Christians from the town of Qaraqosh were fleeing today after it was taken by fighters from the Islamic State in Iraq and the Levant (Isis) on Wednesday night.
The town had previously been a safe haven for those fleeing Mosul and for those hoping Christianity had a future in the country. “Before we thought we could stay. But now, there is no way Christians can go back to Iraq,” says Abu Maykel, a 29-year-old clerk who fled the village last week.
He hoped he could maybe remain in his ancestral homeland, but had to reconsider when Isis started to close in on Qaraqosh, a Christian village of 50,000 people. The town had been cut off from water and electricity ever since Isis took Mosul. Food had been hard to come by and distant shelling constant, but he remained.
However, 10 days ago, the shelling intensified. “It was less than a kilometre away. Just the sounds of it scared my wife and children,” Abu Maykel explains. The family decided to leave, joining an exodus which has further weakened Iraq’s Christian population.
On Wednesday night, his fears were confirmed as overstretched Kurdish Peshmerga forces left their posts and the town, as well as a string of neighbouring Christian villages, fell to Isis.
Under Isis rule, Christians face a stark choice: convert or die. “I was given three days to decide whether to become Muslim, pay jizya – a special tax imposed on Christians under Islamic rule – or leave,” says Khalil Touma, a 43-year-old driver from Mosul. Adamant that Christians should have to pay no such tax in Iraq and afraid that they might come back later and demand more, Mr Touma chose to leave for Lebanon. In the last month, every other Iraqi Christian has also left Mosul, which was once home to a Christian population of 60,000.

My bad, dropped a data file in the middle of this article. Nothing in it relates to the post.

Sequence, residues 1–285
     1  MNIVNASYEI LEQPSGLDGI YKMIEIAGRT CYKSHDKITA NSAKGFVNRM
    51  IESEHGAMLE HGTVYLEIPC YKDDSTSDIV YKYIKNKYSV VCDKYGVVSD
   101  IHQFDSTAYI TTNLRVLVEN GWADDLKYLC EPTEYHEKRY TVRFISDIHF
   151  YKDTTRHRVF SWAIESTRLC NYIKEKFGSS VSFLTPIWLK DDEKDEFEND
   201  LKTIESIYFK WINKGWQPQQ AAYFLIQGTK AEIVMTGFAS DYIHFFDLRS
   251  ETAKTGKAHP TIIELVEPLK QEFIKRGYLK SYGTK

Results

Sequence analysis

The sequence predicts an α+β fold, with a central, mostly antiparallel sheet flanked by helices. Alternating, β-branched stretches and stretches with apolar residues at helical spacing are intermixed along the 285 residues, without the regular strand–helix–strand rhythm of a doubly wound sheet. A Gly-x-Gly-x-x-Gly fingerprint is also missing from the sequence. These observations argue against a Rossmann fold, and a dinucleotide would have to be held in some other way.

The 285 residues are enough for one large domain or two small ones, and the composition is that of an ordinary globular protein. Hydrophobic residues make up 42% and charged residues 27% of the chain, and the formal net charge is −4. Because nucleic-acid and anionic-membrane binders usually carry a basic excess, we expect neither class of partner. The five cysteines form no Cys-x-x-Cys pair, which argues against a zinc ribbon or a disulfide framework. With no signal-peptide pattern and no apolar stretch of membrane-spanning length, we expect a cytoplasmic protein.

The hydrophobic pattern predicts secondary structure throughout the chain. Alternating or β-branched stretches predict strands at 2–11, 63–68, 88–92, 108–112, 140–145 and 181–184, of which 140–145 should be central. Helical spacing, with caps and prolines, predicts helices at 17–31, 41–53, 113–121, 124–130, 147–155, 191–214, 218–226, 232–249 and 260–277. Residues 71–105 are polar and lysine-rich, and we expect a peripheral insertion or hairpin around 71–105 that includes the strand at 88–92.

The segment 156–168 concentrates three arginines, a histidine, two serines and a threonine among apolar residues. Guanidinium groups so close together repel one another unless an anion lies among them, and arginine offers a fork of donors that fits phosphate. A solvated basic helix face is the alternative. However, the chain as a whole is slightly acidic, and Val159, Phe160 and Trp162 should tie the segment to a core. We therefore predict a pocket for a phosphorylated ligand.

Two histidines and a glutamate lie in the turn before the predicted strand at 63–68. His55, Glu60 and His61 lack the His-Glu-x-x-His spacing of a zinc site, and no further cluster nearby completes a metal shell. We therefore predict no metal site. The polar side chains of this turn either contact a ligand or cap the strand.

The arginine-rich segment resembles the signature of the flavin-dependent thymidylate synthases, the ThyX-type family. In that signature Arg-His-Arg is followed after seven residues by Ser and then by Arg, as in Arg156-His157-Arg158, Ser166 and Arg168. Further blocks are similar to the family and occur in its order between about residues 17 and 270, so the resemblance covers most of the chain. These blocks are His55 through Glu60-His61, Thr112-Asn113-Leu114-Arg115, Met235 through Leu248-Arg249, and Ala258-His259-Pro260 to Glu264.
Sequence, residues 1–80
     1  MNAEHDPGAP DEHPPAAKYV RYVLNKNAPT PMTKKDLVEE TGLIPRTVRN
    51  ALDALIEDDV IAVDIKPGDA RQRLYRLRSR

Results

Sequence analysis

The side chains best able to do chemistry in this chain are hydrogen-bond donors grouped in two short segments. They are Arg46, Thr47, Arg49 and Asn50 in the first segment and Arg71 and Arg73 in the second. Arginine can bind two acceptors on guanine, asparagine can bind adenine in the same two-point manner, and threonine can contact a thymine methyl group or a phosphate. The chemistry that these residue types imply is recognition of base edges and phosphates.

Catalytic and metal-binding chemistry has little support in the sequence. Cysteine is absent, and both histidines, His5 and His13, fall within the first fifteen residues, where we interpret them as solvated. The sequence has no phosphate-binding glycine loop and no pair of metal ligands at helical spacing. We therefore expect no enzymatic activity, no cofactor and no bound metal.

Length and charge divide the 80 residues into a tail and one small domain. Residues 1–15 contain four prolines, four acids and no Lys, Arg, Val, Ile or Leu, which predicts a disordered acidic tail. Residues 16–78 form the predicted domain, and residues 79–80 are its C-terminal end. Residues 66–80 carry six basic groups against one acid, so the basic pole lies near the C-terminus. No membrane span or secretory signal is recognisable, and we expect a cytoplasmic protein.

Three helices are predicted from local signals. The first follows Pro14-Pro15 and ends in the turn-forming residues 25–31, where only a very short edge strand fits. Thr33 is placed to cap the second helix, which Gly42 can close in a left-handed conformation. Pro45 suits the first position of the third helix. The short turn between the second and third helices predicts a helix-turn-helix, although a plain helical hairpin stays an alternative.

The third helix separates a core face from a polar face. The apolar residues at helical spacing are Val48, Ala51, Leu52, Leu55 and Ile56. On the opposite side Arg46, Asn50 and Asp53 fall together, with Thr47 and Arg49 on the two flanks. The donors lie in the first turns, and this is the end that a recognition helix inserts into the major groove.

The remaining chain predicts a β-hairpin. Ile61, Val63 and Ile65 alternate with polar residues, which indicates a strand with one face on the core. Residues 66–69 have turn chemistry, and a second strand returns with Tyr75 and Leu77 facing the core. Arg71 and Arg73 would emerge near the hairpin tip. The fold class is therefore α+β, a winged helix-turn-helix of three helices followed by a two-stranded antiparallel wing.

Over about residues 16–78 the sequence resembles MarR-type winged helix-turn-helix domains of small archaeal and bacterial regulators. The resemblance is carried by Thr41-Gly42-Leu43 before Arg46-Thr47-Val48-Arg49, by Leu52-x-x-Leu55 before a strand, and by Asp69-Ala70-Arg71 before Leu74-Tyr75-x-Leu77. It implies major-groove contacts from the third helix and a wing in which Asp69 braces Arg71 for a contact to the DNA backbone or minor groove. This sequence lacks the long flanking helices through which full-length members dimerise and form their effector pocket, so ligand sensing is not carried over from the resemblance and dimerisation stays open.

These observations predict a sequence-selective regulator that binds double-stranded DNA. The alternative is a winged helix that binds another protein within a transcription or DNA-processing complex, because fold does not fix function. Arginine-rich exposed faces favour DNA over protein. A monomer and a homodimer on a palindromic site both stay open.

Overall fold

An Isis-issued ultimatum to Christians remaining in Mosul expired on 19 July. Houses belonging to Christians were daubed with the letter “N” – short for Nasare – a Muslim term for Christians which derives from Nazareth, the home town of Jesus. “It’s like being marked with an ‘X’,” said Haitham Hikmat Hermez, 46, a driver who fled.
Properties were confiscated and given to Muslims. Those leaving were not allowed to take much with them. Refugees tell stories of wedding rings being confiscated, some even being cut off with fingers attached to them. They share videos of churches, such as the tomb of Jonah – of Jonah and the Whale fame – being bombed. All are certain there is no future for them in Iraq.
Today it was reported that Washington was considering launching air strikes against Isis and providing direct humanitarian relief to Iraqi religious minorities.
There has been concern about the exodus of Iraqi Christians from the church in the UK. Andrew White, Anglican Vicar in Baghdad, said: “It looks as if the end could be very near,” for Christians in Iraq during a call with Radio 4’s Today on 26 July. On Wednesday, the Catholic Bishops Conference of England and Wales urged for prayers and an end to “the violent persecution that threatens to extinguish the Christian community” in Iraq, while Pope Francis called on world governments to take measures to protect the Christians that have been driven from their villages in Northern Iraq, and to provide them with humanitarian aid.
Appealing to the international community, the Pope called on leaders to “put an end to the humanitarian drama underway, adopt measures to protect those who are threatened by violence and assure them necessary aid, especially urgent for those who are homeless and depend on the solidarity of others.”
But priests here feel that not enough is being done by the West. “All I hear is silence,” says Father George, an Assyrian priest struggling to take care of 40 families that have registered at his church so far. “Where are the States? Where is the UN? Until now, they have done nothing!”
France’s offer of asylum to Iraqi Christians horrifies him, as it does most of Lebanon’s clergy. The country, with its own flailing Christian minority, feels Christians belong in the Middle East. “They should stay here, this is their land” says Father George.
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